We’re excited to participate in Brain Awareness Week, taking place this year from March 10 through March 16. The purpose of Brain Awareness Week is to increase public awareness to the benefits of brain research and the amazing progress that has been made in this field so far.
Between the Human Brain Project in Europe and the BRAIN Initiative in the United States, the human brain is the next monumental challenge that science is working to unravel.
The brain is kind of like outer space- there’s so much left to discover, and what is known only begins to scratch the surface of the depth and complexity of this organ. Just imagine the possibilities that will emerge from the best minds working intercontinentally on the brain for so many of the children in the CNS Foundation community!
Brain Awareness Week was founded in 1996 in order to unite groups across disciplines with one major theme in common- brain research! What first began as a collaboration between 160 different academic, government, and advocacy organizations grew to a global event in 1998, and now involves groups across six continents and fifty-two countries working to showcase brain research.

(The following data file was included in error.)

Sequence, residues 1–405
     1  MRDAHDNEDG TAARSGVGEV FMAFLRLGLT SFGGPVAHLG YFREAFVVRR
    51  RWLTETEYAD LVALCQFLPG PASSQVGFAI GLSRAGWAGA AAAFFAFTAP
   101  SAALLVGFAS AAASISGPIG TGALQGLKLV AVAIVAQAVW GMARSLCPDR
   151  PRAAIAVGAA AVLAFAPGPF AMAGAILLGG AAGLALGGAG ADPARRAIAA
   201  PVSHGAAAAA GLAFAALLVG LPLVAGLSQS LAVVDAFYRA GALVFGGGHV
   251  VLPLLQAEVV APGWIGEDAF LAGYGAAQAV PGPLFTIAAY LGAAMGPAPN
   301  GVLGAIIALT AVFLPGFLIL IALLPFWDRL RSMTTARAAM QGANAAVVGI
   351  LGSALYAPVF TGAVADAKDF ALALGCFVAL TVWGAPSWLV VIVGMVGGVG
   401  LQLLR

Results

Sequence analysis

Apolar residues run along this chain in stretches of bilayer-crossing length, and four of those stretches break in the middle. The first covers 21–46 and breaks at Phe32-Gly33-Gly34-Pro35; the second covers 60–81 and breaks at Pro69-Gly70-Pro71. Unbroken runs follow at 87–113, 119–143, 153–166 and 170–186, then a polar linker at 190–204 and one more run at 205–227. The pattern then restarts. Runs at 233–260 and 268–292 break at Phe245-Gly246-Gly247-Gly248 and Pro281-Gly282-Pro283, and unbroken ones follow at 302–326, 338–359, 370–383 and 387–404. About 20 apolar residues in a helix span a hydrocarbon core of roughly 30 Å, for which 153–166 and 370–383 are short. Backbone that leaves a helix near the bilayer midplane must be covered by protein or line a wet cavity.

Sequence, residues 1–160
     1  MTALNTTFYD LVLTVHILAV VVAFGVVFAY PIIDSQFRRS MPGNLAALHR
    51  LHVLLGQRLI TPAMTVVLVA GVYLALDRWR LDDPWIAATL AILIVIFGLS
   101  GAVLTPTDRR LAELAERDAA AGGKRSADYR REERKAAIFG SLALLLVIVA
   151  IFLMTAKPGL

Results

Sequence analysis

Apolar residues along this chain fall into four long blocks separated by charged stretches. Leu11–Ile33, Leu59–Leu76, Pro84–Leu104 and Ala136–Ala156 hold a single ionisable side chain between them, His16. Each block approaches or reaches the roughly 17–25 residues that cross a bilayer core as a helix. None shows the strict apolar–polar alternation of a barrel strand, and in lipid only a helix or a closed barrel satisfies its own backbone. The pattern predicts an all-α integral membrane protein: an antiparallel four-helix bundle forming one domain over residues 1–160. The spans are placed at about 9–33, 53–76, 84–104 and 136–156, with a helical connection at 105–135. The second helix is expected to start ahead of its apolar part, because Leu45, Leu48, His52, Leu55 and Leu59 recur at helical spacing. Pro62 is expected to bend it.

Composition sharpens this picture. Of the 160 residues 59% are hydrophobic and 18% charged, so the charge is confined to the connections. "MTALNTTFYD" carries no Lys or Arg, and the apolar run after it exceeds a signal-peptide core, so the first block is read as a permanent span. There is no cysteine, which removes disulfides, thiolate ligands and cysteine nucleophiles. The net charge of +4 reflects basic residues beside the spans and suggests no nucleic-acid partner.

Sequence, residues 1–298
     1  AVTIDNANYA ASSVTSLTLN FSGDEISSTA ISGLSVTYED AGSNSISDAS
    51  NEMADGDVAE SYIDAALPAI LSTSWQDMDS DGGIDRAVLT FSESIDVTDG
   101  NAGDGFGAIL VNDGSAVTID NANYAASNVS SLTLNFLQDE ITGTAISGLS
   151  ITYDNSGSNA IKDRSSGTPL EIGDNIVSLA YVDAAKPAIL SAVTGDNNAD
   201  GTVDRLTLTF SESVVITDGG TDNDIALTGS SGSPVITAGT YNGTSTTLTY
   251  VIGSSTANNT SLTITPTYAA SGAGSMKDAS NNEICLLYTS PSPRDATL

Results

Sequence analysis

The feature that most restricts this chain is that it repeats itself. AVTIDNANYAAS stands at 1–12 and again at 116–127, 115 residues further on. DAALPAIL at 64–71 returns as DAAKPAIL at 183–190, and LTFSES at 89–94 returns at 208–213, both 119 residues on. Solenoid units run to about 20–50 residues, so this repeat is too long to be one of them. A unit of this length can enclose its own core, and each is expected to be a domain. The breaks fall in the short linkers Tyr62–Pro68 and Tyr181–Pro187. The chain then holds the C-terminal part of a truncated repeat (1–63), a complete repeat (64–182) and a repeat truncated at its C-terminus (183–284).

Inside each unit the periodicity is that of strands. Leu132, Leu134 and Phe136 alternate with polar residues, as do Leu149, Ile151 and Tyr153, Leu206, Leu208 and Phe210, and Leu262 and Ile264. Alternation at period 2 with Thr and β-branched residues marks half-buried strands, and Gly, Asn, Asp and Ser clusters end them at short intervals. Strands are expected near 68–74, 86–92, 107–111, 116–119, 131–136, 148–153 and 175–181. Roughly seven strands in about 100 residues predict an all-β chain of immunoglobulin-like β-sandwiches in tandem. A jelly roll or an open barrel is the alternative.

Part of what Brain Awareness Week seeks to accomplish is to widen brain research in the global arena by linking like-minded organizations and those who believe in their mission, spreading the importance of brain research and how brain research affects the lives of all, educate the public to make informed decisions about their health, and to inspire a future generation of young scientists to continue working on the brain.
CNS Foundation is supporting Brain Awareness Week through the growth of the Pediatric Brain Mapping Project. Our goal is to add 10,000 new names to the Pediatric Brain Mapping Project by the end of brain Awareness Week on March 16th.
The Pediatric Brain Mapping Project is an initiative to identify the millions of children and young adults living with one of the more than 600 different pediatric neurological conditions, the organizations that support them, and the laboratories doing work on the developing brain. This population is invisible and underrepresented. It’s critical that we make their presence and our organizations known to policy makers, pharmaceutical companies, and all the other funders of science who often ignore the importance of studying the developing brain.
The Map creates a focal point for uniting and mobilizing patient advocacy efforts and will lay the groundwork for a Natural History Database of Pediatric Neurological Diseases that scientists can use to find treatments and cures.
Join the Map today! If you’ve already joined the Map, take some time and share the Map with your networks- Facebook, Twitter, and other related online communities to increase the impact of the Map!
To discover events happening near you, visit their events page here.